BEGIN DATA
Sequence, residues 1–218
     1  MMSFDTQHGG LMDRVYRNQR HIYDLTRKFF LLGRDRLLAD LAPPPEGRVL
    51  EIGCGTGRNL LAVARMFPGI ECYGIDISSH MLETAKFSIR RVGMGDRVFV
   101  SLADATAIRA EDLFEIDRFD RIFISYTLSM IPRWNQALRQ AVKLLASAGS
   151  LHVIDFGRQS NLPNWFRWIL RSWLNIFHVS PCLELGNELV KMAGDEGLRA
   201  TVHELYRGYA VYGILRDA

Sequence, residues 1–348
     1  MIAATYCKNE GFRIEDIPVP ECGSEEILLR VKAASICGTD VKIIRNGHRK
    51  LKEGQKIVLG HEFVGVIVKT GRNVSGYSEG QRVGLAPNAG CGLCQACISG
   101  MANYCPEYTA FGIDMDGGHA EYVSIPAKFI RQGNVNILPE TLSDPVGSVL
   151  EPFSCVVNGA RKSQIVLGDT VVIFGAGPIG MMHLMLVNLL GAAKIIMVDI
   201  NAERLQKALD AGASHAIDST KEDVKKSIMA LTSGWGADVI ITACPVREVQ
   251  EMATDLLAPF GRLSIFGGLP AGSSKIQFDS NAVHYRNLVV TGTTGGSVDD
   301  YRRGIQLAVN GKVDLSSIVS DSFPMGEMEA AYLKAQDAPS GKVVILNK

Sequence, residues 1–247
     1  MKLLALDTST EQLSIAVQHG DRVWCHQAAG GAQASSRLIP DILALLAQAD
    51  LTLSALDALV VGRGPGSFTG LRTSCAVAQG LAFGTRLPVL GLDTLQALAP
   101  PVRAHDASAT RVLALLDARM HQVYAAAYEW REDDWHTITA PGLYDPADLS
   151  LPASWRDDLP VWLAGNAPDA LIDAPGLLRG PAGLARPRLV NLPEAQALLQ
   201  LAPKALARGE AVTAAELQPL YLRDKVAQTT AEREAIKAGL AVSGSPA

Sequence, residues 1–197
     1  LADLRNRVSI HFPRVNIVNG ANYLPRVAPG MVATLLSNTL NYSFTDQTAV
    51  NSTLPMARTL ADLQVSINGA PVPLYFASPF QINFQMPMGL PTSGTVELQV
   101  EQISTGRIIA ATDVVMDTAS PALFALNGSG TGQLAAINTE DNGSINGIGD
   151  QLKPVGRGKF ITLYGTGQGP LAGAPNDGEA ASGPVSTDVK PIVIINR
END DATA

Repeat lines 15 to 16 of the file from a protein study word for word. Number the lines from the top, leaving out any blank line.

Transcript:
Sequence, residues 1–247
     1  MKLLALDTST EQLSIAVQHG DRVWCHQAAG GAQASSRLIP DILALLAQAD